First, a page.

Silence, In my early 20’s I ran across several modern day romance novels at a garage sale. I had two children under the age of 4 at the time and needed a get-away. I caved in and bought them. I read during the kid’s naptime. I found them to be too “heated” for midday reading and decided to quit reading them. I much rather like the ones that leave you guessing.

Ha! Great names, CeeCee!!! And frankly, I find the modern romances a bit too heated for anytime…

3. deb - June 23, 2008

We have pets so of course they have names. If we had chickens, sigh, they would have names too. Brief up date, MM has not given in.

I always found romance novels even the classics just to complicated. I guess I had enough bad boyfriends in college not to need to read about someone else’s romantic angst. The trashier versions, ewww.

Oh no! Well, don’t give up, Deb! MM may yet come around… As for those bad boys, ain’t it the truth?!

4. kate - June 23, 2008

Your chickens have great names. I would so love to have chickens, but it’s forbidden in the city. My friend has many chickens, and like you, knows the name of each one of them. They come when called (although usually followed by the rest of them.

Romance novels – I’ve never really understood the allure of them, but they must be extremely popular since they seem to be at every supermarket checkout.

Yes, they do come when called, Kate! (And also when not called…) They’re so rewarding. I’m sorry you can’t have some of your own. Maybe someday…

5. Victoria - June 23, 2008

I absolutely LOVE Georgette Heyer’s Regency novels. I think I’ve read them all. They have sustained me through colds, pregnancies, backache, rainy days and miserable times: they’re the ideal thing to read when you have flu, or you’re in a hot bath after a hard day’s gardening. Silence, I shall now always imagine you as a typical GH heroine, with a firm chin, a mouth slightly too wide for conventional beauty and grey eyes brimming with laughter.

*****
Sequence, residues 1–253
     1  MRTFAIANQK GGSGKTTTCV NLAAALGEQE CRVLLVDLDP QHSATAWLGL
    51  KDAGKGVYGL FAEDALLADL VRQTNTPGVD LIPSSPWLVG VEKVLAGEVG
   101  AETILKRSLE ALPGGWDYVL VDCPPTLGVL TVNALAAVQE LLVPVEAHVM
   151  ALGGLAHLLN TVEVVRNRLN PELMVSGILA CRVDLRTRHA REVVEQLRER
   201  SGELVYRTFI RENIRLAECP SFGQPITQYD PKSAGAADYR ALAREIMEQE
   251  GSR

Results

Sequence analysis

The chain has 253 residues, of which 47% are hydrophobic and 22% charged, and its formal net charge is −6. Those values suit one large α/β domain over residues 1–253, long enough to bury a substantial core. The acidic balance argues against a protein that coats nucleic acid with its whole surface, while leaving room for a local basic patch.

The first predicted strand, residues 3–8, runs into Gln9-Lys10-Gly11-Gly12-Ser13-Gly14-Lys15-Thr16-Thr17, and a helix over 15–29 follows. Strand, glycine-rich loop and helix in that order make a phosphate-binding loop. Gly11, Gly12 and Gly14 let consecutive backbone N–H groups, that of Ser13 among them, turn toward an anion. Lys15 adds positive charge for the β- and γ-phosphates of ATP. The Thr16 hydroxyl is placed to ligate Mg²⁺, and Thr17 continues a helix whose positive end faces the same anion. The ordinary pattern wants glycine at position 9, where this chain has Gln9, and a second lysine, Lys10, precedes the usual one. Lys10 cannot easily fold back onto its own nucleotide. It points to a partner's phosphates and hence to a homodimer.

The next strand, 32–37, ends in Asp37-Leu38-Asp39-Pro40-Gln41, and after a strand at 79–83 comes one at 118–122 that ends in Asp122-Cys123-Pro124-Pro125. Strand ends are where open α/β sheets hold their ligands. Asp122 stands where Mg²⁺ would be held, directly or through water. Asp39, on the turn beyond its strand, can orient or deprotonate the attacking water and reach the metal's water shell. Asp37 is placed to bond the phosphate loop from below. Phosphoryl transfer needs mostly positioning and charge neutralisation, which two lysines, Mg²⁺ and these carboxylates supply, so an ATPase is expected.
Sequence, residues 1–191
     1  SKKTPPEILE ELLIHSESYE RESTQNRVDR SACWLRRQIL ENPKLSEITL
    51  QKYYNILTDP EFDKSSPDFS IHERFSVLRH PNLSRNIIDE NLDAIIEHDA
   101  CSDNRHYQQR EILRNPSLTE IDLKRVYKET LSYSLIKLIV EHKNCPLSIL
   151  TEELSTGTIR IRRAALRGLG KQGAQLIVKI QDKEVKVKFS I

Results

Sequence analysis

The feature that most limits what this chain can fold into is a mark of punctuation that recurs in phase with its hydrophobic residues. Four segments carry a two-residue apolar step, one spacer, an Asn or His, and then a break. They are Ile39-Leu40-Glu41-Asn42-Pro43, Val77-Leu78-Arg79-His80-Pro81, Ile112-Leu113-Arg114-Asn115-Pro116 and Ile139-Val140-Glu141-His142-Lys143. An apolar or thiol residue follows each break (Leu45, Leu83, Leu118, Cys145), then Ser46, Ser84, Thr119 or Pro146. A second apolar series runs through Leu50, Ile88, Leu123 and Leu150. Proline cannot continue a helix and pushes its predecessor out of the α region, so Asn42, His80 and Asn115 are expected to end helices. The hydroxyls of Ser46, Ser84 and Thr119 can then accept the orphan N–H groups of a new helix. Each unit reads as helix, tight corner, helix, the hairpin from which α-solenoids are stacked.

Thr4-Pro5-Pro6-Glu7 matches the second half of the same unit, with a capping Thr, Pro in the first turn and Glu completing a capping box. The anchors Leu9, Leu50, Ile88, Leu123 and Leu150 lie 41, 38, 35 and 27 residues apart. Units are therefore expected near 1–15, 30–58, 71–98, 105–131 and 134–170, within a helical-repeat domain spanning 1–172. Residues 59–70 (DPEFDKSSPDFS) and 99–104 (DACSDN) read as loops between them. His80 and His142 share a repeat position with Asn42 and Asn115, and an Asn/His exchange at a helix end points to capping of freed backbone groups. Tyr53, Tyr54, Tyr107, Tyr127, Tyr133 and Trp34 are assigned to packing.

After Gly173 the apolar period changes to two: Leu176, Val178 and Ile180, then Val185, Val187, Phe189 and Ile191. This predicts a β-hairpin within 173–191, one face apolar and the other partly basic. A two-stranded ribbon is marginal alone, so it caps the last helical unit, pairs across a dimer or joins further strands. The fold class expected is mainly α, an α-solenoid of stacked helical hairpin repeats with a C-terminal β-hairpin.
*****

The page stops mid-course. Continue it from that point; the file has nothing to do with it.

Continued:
Ha!!! Priceless, Victoria! I’ll try to think of myself that way from now on, too!

6. Meg - June 24, 2008

Hey, you guys have a Stella, too! Our chickens are named after Grateful Dead songs, though I have to admit I was angling for X-Files characters. I’ll have to call dibs on naming the next flock.

That’s great, Meg!!! Of course, I’m still recovering from going to Sugar Magnolia’s up in Gloucester and discovering that it wasn’t a Southern restaurant…

7. Becca - June 25, 2008

ahem, I was writing a comment and it turned into a blog post about my favorite chicken. So, I think I’ll mosey on over to my blog to finish it up. I can’t think of anything to say about the Regency rant. The closest I have come to reading modern “romances” is the Mitford series by Jan Karon.

Great, I’ll be moseying along after you! Did Jan Karon base a series on the famous Mitford sisters?

8. Becca - June 25, 2008

I just did a bit of research on the famous Mitford sisters and they’re not even remotely related to the series. Jan Karon’s series is a pastoral romance about life in small town America and an Episcopalian priest who finds true love in his sixties. She really is a great character writer. I have all seven of the books. And the cookbook. It is a treasure.

Thanks, Becca! This is good to know. If she has both a series and a cookbook, I’ll definitely have to check it out!!!

9. Becca - August 22, 2008

I just read my first Georgette Heyer novel. I picked it up in a thrift store and said to myself: “Silence recommends these books. I’ll give it a try.” It was “Cotillion” and I LOVED it!

By the way, they kiss quite a bit on the last page. In fact, I believe he crushes her bonnet.

Ha! I hope you find the others, Becca! I just found the entire set that someone had donated to the library’s discard pile and snagged them for my sister—I think she somehow missed them when we were growing up! And if you search for Georgette Heyer on Wikipedia, you’ll be surprised (or at least I was!) to see that she looked just like her heroines. For some reason, I’d assumed she’d have looked more like poor Gertrude Jekyll and that the novels were her escape into fantasy. They may still have been escapes, but they were escapes that could actually have happened to her! And yes, unlike Miss Austen’s originals, Georgette Heyer’s do kiss. But that’s still a far cry from the obligatory graphic sex scenes, rapes, unwanted pregnancies, and etc. that litter today’s Regency romances!

10. Becca - September 6, 2008

I’m going to have to stop taking your suggestions. I am now a Georgette Heyer addict. I just finished “Arabella” and “The Convenient Marriage.” I must say, I didn’t like Horatia nearly as well as the other two heroines so far…

“Arabella” is a good one, Becca, as is “The Grand Sophie.” But my favorites are “These Old Shades,” “Devil’s Cub,” and “The Black Moth.” Make sure you don’t miss those!